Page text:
Contrast US tops conventional US for blunt liver trauma

(Radiology Review) Contrast-enhanced ultrasound (CEUS) can effectively evaluate blunt hepatic trauma, and has superior sensitivity compared to sonography without contrast enhancement, according to Italian radiologists. Dr. Orlando Catalano and colleagues at Istituto G. Pascale in Naples recommended that CEUS be used as the initial imaging modality when screening patients after blunt abdominal trauma.

Published in the Journal of Ultrasound in Medicine, their research also determined that CEUS should be used to check patient progress in trauma patients being conservatively managed.

During a three-year period, a total of 431 patients had ultrasound imaging following blunt abdominal trauma, and 87 of these required further evaluations with contrast-enhanced sonography and CT. "Indications for further assessment were baseline sonographic findings positive for liver injury, baseline sonographic findings positive for injury to other abdominal parenchyma, baseline sonographic findings positive for free fluid only, baseline sonographic findings indeterminate, and baseline sonographic findings negative with persistent clinical or laboratory suspicion," they stated.

The imaging criteria compared were injury conspicuity and size, completeness of injury extension, and involvement of the liver capsule.

SonoVue (Bracco, Milan, Italy), a second-generation contrast agent consisting of perfluorochemical microbubbles stabilized by a phospholipidic membrane, was administered through the antecubital vein using a 20-gauge catheter with a three-way stopcock. A dose of 4.8 mL or 2.4 mL was given as a single quick bolus followed by 5-10 mL of normal saline. Low mechanical-index power levels were selected, and harmonic imaging and a contrast-specific technology also were used to improve image quality and bubble visibility.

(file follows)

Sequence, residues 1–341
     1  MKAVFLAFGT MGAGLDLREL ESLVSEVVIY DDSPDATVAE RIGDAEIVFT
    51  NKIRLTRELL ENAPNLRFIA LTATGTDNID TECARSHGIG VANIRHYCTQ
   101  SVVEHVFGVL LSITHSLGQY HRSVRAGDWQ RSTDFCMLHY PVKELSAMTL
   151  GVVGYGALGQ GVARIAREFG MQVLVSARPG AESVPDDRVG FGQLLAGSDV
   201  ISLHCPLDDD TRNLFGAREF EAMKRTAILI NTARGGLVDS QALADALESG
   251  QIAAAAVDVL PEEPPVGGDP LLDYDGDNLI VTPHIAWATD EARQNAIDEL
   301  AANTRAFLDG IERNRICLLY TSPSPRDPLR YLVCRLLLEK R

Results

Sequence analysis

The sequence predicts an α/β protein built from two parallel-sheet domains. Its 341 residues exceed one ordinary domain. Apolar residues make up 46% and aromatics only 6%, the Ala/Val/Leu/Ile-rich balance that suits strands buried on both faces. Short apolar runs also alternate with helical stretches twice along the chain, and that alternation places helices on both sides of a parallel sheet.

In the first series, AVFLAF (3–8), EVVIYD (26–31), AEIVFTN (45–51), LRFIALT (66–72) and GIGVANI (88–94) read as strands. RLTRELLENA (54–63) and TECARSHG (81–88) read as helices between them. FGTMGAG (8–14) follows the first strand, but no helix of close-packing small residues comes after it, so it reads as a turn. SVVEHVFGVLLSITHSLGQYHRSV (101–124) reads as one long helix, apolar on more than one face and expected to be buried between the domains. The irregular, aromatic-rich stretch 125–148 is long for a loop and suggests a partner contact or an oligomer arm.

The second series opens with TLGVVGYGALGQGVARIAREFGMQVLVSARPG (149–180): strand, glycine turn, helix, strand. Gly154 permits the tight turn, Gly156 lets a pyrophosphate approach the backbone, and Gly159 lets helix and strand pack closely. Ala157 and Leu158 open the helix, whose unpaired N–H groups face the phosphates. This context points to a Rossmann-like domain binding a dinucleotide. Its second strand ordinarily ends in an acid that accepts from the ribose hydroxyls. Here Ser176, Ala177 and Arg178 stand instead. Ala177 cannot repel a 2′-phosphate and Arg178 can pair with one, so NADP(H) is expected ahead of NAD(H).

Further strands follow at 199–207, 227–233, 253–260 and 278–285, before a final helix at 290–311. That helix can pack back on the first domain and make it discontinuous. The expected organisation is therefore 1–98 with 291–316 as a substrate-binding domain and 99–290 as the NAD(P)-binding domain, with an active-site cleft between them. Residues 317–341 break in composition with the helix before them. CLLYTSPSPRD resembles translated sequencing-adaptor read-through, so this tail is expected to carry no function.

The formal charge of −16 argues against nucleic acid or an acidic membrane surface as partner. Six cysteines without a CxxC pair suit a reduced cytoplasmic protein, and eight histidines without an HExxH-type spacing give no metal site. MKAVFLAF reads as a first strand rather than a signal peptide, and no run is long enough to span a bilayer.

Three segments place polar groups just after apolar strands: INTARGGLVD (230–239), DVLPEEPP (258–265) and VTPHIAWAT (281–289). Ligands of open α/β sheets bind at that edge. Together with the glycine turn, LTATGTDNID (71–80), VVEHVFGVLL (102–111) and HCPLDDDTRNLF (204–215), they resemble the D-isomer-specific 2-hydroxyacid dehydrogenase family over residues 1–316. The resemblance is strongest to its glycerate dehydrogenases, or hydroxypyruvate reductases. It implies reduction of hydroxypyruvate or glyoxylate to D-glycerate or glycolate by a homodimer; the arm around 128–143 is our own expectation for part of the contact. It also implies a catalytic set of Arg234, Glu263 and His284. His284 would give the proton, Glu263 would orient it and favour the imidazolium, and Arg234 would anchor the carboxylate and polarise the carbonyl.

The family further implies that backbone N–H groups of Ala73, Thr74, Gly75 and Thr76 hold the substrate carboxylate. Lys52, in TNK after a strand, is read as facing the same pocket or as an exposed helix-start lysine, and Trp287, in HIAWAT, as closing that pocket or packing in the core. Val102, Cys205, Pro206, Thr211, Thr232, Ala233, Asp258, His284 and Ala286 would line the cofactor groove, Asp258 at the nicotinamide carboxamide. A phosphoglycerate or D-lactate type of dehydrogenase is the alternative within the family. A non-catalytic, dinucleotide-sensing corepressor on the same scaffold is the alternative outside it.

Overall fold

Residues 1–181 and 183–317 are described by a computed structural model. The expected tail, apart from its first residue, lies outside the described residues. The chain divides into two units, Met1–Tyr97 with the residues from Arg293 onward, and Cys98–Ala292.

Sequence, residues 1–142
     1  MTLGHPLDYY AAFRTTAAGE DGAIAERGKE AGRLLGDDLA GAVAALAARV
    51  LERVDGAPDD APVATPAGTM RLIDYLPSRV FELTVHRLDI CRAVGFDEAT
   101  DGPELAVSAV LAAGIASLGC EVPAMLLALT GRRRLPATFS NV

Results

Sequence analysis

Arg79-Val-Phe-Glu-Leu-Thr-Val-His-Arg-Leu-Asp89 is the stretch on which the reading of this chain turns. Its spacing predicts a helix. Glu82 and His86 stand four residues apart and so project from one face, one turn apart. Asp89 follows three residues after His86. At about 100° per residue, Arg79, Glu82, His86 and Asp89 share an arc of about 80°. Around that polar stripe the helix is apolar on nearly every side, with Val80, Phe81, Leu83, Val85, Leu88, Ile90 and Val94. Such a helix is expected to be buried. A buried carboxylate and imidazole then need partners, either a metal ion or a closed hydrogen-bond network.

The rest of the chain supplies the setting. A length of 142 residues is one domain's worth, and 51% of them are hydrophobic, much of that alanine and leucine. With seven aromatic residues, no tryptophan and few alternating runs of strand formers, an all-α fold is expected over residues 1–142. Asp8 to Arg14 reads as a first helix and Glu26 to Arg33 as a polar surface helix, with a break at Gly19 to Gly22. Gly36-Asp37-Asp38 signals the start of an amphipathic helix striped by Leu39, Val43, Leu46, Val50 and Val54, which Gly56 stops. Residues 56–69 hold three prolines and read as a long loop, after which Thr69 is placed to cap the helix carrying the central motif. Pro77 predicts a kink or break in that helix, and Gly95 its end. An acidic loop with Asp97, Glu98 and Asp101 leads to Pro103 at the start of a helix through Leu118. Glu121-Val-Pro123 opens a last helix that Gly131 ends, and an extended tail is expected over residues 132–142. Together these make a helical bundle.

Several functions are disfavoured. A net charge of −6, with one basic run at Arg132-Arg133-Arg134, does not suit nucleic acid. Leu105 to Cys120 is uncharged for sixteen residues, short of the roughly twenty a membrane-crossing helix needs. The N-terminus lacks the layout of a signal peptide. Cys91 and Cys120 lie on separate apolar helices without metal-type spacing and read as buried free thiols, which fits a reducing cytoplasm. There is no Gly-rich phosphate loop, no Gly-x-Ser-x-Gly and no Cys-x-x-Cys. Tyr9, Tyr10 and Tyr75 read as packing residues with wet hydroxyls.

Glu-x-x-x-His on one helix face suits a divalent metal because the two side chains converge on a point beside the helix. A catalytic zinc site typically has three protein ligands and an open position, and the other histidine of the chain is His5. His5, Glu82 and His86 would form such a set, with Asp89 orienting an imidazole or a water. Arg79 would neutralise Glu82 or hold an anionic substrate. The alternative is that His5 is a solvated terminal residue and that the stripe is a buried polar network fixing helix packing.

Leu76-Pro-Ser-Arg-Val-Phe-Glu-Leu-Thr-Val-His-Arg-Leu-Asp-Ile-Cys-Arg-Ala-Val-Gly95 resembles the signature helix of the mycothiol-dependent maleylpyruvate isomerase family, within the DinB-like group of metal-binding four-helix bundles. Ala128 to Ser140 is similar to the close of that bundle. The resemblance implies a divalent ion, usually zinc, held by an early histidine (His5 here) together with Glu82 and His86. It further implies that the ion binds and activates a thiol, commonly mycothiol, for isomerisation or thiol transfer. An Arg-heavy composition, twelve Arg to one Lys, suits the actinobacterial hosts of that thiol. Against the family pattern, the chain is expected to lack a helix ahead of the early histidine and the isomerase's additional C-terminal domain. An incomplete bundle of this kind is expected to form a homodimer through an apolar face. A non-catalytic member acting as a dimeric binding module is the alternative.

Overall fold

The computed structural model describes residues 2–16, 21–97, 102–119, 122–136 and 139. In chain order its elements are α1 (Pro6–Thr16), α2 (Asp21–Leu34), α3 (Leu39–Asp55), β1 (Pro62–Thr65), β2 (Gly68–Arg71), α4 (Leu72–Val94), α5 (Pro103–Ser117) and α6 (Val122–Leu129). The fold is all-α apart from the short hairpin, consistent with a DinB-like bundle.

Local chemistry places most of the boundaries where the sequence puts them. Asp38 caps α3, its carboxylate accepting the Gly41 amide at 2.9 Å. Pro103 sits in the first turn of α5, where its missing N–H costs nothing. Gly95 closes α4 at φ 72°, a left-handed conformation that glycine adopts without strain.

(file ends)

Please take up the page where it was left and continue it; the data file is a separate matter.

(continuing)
CT showed 23 hepatic lesions in 21 patients, and 19 of these patients had peritoneal or retroperitoneal fluid shown on all three modalities. Ultrasound imaging demonstrated liver injury in 15 patients, and CEUS showed injury in 19 patients. CEUS did not improve image quality (penetration) in large, technically difficult patients in whom the posterior liver was not visible, they stated.

"Our data show that (CEUS) is a promising tool in the initial assessment and follow-up of blunt liver trauma. It allows more accurate assessment of liver lesions in comparison with baseline sonography. It is also more accurate and informative than conventional sonography, and correlates better with CT findings," the researchers concluded. Using CEUS would also result reduced examination cost, radiation exposure, and use of ionic contrast media, according to Dr. Catalano.

"Blunt Hepatic Trauma: Evaluation With Contrast-Enhanced Sonography: Sonographic Findings and Clinical Application"
Catalano, Orlando; et al
Department of Radiology, Istituto G. Pascale, Via F. Crispi 92, I-80121 Naples, Italy
J Ultrasound Med 2005 (March); 24: 299-310

By Radiology Review
March 21, 2005

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